<sc:ConfigurationSettings>
      <sc:Setting name="HelloWorldString"
       value="Hello world - WorkerRole1 in ServiceConfiguration.BogusService-Test-NorthCentralUS.cscfg" xdt:Transform="Insert" />
    </sc:ConfigurationSettings>
  </sc:Role>
  <sc:Role name="WorkerRole2" xdt:Locator="Match(name)">
    <sc:ConfigurationSettings>
      <sc:Setting name="HelloWorldString"
       value="Hello world - WorkerRole2 in ServiceConfiguration.BogusService-Test-NorthCentralUS.cscfg" xdt:Transform="Replace" xdt:Locator="Match(name)" />
    </sc:ConfigurationSettings>
  </sc:Role>
</sc:ServiceConfiguration>

and so on for ServiceConfiguration.BogusService-Int-NorthCentralUS.cscfg and ServiceConfiguration.BogusService-Prod-NorthCentralUS.cscfg.

Now, you should be able to place your environment-specific configuration in the overlay files. When you publish the package, the environment-specific configuration files will appear in the Publish directory.

This imports the Web publishing targets to borrow the transformation support implemented by the TransformXml target. I replaced the ValidateServiceFiles target from the cloud service library. With this change, our base service configuration doesn't need to be valid (since it may lack certain options that are filled in by overlays) but it still ensures that the generated files are valid. After the package is built, it copies the generated configuration files to the same directory as the cloud service package.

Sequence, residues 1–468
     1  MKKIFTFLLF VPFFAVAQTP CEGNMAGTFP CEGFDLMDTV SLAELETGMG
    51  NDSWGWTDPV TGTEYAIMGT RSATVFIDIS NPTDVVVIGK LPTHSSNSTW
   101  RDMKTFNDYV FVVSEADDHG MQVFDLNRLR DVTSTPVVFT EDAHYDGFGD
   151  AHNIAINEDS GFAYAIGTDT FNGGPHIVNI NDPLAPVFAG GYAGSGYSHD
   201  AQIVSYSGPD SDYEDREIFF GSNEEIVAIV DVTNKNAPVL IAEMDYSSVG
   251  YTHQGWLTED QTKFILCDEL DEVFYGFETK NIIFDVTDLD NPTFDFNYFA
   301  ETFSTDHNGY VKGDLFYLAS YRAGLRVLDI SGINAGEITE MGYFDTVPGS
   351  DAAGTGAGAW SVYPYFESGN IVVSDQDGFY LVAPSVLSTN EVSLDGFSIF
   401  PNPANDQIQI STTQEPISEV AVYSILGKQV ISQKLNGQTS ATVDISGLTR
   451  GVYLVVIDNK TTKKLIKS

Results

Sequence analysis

If you want to use the development fabric, you'll need to have a valid ServiceConfiguration.cscfg; I haven't found a way to change this yet. Groveling through Microsoft.CloudService.targets might shed light on it.

If you're using Team Foundation Server, you'll need to manually add the overlays to source control. (I explicitly specify BaseConfiguration so that I could use several base configurations in the future.) To debug build problems, turn on verbose MSBuild logging using Tools/Options/Projects and Solutions/Build and Run/MSBuild Verbosity. Search for TransformXml in the (probably huge) MSBuild log in the Output pane.

Feedback welcome...I'd never played with MSBuild before, so if I'm doing something awful, let me know.


References: "Making Visual Studio 2010 Web.config Transformations Apply on Every Build", "Using config transforms outside web projects", "How To: Get MSBuild to run a complete Target for each Item in an ItemGroup", Microsoft.CloudService.targets, and Microsoft.Web.Publishing.targets.

4 comments:

  1. Hi Alex - great post, thank you. I am having a little trouble -- my transforms are working, but I cannot seem to get the correct ServiceConfiguration.cscfg file into the MySolution\MyCloudProject\bin\Debug\ folder after I build. The one in there is the base one. So when I try and run in Debug mode I get:

    "The current service model is out of sync. Make sure both the service configuration and definition files are valid."

    I'm sure its just some simple change to the project file using MSBuild, but I was wondering if you might have already tackled this?

    Thanks

    ReplyDelete
  2. Hi Alex, great post - just figured out that you can keep default namespace in the original ServiceConfiguration.cscfg, but you need to use explicit sc: namespace in transform ServiceConfiguration.*.cscfg files.

    ReplyDelete
  3. Alex, this is an excellent post. But, I would actually like to have the transformed service configuration file packaged up in the cspack so that when visual studio performs the deployment my package will be complete. Any suggestions? The only thing I can think of is to override the CorePublish target, but I think that could be a little dangerous.

    ReplyDelete
  4. @dev3001
    I get that error when i have different values in the ServiceConfiguration.cscfg and ServiceConfiguration.Relese.cscfg

    ReplyDelete